Osgood Johnson's term as Principal was tragically short. He had always been frail physically and was handicapped by a club foot. Shortly after his accession he developed tuberculosis, which grew progressively worse. He thought of resigning in the fall of 1836, but his students begged him not to, and as he grew weaker they used to carry him to his carriage or sleigh in their arms and bring him to the recitation room, where he would occupy his regular seat while an assistant conducted the class. His wife was a tower of strength in their home in Samaritan House. "All that winter she had washed and dressed him and lifted him as she would a child." One of his last acts was to send fifty dollars to the Foreign Missionary Society without any signature.(20) The end came on 9 May 1837, with burial in the Chapel cemetery, where a monument to him was later erected. Johnson was certainly a great teacher and one of the foremost classical scholars in the country. Had he lived, he might have had a profound influence on Phillips Academy. As it was, he helped maintain the school's tradition of scholarly excellence. As one of his pupils wrote:
I have never met the man, I have never read of the man, who taught Pagan literature with so much of the Christian head and the Christian heart. I venerate his memory. As his strength went and his days in the classroom were shorter, and his voice feebler, there was a tone, there was a power to that reading of the Scriptures, those remarks, those prayers, that private conference. The pupils who were under his charge will never forget the man in that respect.(21)
One of the last acts of Osgood Johnson was to recommend that Samuel Harvey Taylor be chosen as his successor. And Taylor was certainly a promising candidate. Born in Londonderry, New Hampshire, in 1807, he was, from an early age, given the management of the family farm because of the frequent absences of his father. He apparently intended to spend his life farming when a fall from a wagon so limited him physically that he determined on a scholarly life. After two years of cramming at Pinkerton Academy, he entered Dartmouth, where he graduated with high honors. He had now determined on the ministry as his life's work and entered the Andover Theological Seminary right after graduation. Osgood Johnson spotted him early as a promising Assistant, and Taylor taught at Phillips Academy for one year. He refused to stay longer, despite the urging of both Johnson and his pupils, preferring to return to Dartmouth as a tutor. When the Andover Trustees, following Johnson's advice, offered him one thousand dollars and a house to return as Principal, he found the offer too tempting to refuse, especially as he was about to be married to Caroline Persis Parker. In 1837 he and his new wife moved into the Double-Brick on Main Street to begin a career as Principal that was to last thirty-four years. That same year he completed his studies at the Seminary and was graduated. As far as academic training went, he seemed admirably prepared for his job.(22)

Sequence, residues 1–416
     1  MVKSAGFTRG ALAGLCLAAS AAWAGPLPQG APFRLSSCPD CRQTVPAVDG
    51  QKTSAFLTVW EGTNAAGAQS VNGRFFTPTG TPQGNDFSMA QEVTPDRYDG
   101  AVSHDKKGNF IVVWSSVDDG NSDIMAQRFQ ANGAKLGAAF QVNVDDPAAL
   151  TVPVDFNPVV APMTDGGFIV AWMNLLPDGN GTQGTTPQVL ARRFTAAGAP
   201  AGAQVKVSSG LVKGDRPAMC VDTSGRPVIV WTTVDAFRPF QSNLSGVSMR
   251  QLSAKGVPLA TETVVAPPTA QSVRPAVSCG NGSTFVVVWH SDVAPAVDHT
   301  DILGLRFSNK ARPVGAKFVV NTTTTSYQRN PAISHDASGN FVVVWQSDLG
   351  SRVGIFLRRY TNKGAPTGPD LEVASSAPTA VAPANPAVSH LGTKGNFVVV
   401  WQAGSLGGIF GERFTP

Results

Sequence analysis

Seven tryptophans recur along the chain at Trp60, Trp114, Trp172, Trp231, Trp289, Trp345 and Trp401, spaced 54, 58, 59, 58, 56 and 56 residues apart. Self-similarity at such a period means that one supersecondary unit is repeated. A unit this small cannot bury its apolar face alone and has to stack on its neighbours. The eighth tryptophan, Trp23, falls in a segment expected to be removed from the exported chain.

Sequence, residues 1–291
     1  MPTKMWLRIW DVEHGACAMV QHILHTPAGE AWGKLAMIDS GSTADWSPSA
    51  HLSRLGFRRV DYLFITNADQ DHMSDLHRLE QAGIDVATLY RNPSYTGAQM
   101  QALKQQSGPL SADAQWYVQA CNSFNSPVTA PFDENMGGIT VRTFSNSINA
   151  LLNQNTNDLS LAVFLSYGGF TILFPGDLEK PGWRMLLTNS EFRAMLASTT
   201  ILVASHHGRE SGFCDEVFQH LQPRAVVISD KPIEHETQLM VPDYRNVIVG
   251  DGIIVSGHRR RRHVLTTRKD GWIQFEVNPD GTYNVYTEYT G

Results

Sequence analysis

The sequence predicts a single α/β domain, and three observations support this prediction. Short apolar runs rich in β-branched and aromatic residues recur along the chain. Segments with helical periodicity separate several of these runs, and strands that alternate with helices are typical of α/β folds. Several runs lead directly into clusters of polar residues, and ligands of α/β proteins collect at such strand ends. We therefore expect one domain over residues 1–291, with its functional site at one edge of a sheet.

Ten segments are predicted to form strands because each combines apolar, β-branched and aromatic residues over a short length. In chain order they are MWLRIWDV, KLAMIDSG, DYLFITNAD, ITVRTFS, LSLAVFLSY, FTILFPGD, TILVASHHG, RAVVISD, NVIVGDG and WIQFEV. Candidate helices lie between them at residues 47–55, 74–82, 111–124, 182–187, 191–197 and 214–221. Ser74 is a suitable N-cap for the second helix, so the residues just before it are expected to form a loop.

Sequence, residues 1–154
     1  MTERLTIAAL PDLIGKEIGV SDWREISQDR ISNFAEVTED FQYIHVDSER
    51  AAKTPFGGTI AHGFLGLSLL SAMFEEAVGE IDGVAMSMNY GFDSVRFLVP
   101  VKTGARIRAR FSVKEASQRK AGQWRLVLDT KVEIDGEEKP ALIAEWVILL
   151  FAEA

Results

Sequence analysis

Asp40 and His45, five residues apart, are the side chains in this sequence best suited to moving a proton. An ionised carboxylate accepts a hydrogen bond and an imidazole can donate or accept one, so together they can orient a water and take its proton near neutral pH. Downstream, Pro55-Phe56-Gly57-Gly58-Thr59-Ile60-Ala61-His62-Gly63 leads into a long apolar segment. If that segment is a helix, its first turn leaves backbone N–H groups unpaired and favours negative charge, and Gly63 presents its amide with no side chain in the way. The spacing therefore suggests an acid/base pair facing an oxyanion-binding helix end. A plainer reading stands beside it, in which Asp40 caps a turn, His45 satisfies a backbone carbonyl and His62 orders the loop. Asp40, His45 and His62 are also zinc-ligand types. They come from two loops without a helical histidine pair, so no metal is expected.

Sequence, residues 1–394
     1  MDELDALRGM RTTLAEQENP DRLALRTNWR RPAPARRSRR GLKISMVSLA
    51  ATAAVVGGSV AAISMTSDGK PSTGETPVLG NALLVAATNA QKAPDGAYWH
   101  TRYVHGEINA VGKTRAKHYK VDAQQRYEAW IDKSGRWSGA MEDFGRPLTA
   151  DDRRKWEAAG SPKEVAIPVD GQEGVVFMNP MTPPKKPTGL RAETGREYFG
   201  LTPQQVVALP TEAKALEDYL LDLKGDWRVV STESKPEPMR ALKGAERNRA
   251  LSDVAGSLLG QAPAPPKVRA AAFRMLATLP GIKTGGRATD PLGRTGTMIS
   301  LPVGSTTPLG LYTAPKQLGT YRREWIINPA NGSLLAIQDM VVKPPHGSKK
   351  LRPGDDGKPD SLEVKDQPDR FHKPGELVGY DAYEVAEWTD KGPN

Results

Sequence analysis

Samuel Harvey Taylor, Principal of Phillips Academy from 1838 to 1871, was an extremely controversial figure in his day. It has been suggested that he was the American equivalent of Dr. Arnold of Rugby, though such comparison fails to do justice to either man.(23) Professor George Herbert Palmer of Harvard thought him a "humbug."(24) His reputation has probably suffered with the passage of time, for his extreme conservatism and his rigidity in teaching and disciplinary methods are completely foreign to today's educational beliefs. "Uncle Sam," as he was called, ran the School with an iron hand; there was never any question about who was in charge. A former pupil wrote, "If I have ever seen anywhere any semblance of despotism and absolute monarchy, it was Phillips Academy under Dr. Taylor.(25) In a very real sense Uncle Sam was a throwback to Eliphalet Pearson, and the two would have got along famously. Taylor would have been completely happy with Pearson's emphasis on scholastic excellence, almost exclusive devotion to the classics, a system of discipline based on fear, and dedication to the inculcation of conservative Calvinist doctrine. He had a deep-seated distrust of change, and Phillips Academy in 1871, the year he died, was almost identical with the School in 1838. As is almost always the case with "tough" teachers, his students never forgot him, whether they liked him or detested him. Whatever judgment may finally be made of this difficult gentleman, there is no question that during his term as Principal he was Phillips Academy.
Considering the reputation of Uncle Sam, it is interesting to note that he was not always like that. A pupil who studied under him while he was Assistant to Johnson wrote of him:
I remember well "Uncle Sam's" first appearance as a sub-teacher in the old brick acad. He blushed like a girl, and we boys had to be very careful not to frighten him, which we could easily do by only an abrupt question.(26)